More thoughts on coding practice and ruby, following up on my last post.
The foundational analytical tool of the GoF book is to distinguish between type and class. Class is the implementation of an object, where in particular it’s logic is defined, it’s class hiearchy. Type is the behavior of the object, what messages/methods it responds to, what it does with them. These are two different things, two objects can share the same type will having completely different implementations or class hiearchy’s: classes.
The lesson of the GoF book is that you should always design to type not class. Code working with a given argument passed in can assume it has a certain type, but should never assume it has a certain class. This allows flexibility down the line to provide an object with a completely different implementation, but the same behavior.
The ruby communities idea of “duck typing” is similar. Don’t worry if it “is” a duck, if it quacks like one. But the common conception of “duck typing” kind of dispenses, at least conceptually, with the idea of type at all. Don’t worry about class, and don’t think about type either, just call and pray. This can lead to a certain sloppiness.
Design to Type
In the GoF conception, in order to design to a type, you have to know what the definition of that type is. If you expect you have a “duck” (not worrying about it’s implementation, but just that it behaves like type duck), what does a duck do exactly? Will a duck always quack? Will the great duck manufacturer in the sky decide that a duck no longer quacks in the future, and all these things you are expecting to quack stop quacking, and nobody told you?
In order to design to type, you have to have some idea of what defines a certain type. The traditional way to deal with this is with the “interface”, which is essentially a specification of a type. Something belonging to a certain interface (in Java, or in Objective C) could have any implementation at all, but you know it will implement certain methods. One shortcoming of interfaces is that they generally only define method signatures, not what those methods will actually do. Another problem that ruby types would catch upon is that it’s extra work to write and maintain an interface decleration/specification, it offends rubyists sense of “don’t repeat yourself”. There are various other conceivable ways to handle having a specification of type, either supported in language syntax or in developer practice, that would make different pro/con trade-offs.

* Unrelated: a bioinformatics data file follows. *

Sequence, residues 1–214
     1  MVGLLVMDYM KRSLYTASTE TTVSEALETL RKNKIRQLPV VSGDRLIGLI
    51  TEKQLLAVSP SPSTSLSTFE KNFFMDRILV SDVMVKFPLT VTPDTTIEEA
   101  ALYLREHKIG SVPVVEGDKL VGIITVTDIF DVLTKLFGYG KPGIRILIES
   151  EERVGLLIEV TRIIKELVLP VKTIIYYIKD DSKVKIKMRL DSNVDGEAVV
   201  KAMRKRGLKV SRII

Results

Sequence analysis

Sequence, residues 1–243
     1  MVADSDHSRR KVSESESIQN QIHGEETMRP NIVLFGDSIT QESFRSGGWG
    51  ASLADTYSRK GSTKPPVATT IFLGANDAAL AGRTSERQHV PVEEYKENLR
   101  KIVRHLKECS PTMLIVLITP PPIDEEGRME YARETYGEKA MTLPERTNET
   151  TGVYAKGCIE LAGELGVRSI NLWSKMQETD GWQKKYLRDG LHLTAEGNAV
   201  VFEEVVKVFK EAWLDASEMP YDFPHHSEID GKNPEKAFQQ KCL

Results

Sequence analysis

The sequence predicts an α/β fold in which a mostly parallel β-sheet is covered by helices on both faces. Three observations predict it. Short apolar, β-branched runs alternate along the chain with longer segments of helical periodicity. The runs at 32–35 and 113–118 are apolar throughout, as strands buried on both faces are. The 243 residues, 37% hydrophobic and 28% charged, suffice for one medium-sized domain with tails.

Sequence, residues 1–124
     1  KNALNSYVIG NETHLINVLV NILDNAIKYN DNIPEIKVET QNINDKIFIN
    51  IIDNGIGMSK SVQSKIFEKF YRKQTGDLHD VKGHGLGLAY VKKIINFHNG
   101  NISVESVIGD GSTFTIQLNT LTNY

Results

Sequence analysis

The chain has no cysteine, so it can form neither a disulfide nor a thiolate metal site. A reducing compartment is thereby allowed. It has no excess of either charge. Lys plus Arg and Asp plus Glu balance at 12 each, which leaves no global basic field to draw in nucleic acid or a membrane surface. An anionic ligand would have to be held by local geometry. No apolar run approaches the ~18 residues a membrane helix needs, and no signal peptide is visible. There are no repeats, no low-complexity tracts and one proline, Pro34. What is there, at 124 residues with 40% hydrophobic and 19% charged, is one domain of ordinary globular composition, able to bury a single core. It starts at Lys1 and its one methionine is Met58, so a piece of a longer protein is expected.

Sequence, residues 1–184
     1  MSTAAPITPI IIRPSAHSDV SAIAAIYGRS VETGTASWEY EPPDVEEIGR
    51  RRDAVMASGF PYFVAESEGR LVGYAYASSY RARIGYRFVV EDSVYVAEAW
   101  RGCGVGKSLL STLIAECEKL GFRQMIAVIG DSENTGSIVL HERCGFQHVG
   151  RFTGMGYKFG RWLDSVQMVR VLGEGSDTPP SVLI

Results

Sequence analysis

The way (at least ideally, in theory) that the ruby/rails community deals with this is by unit tests. How do you know what a “duck” agrees to do? (Shades of “design by contract”). You can look at the unit tests. Whatever the tests for a duck test, that’s what you can count on a duck doing, regardless of how it’s implemented. You count on anyone giving you anything claiming that it’s a duck to have made sure that thing passes all of a duck’s unit tests.
This works reasonably well as a sort of ‘design by contract’, although it depends on developers to actually write unit tests effectively, and in a more-or-less self-documenting way. It would, in my opinion, help if developer’s realized the role of unit tests in a sort of “design by contract” and type-based programming.
Testing for type?
But sometimes you need to test a given object to see what type it is. Rails’ fondness for methods that can take various kinds of arguments, and do different things depending on what the argument is, is a case in point. (Is it a string or a hash or another sort of object? Do something different depending. ). How do you determine what “sort” of object it is? When we say “sort”, we’re really talking about type again: How does the object behave? In a language with interfaces, you can check the interface. In Ruby… a lot of code ends up calling the method kind_of?, which checks to see if an object or it’s ancestors are a particular class.
The problem here is that this is actually checking against implementation or class not behavior or type. It’s the very antithesis of design-to-type-not-class or duck typing! But what else can you do in ruby? You could enumerate every single method you expect the object to be if you want to treat it as a particular type, and test responds_to? to make sure it implements that method. But having to enumerate every method you expect (for something that acts like a given type of argument you are testing for), you start “repeating yourself”, listing things that are really defined elsewhere, and that have to be kept up to date when the elsewhere changes. To be even more ridiculously complete, you’d have to run some mini-unit-tests at runtime on receiving the argument, to see not only that it has the method signature, but that the method does what you want it to do. This is ridiculous or unworkable.
But what else can you do in ruby? So lots of code cheks against kind_of?. To deal with this, and make kind_of? work a bit better for type, developers could have objects that over-ride kind_of? to respond “true” to classes that actually aren’t part of their implementation, but that they behave (quack?) like. This could cause some confusion down the road though, becuase instead of distinguishing between type and class, we’re comingling them. Worse, there seems to be some code in Rails that isn’t even using kind_of?, as evidenced by my inability to get Rails render to treat an argument like a String, when it wasn’t actually a String, but behaved just like one and even responded with true to kind_of?(String).
No doubt rubyists will say that I’ve made up a problem that doesn’t actually exist, it’s just hypothetical, I’m not understanding the true profound nature of duck typing. Perhaps.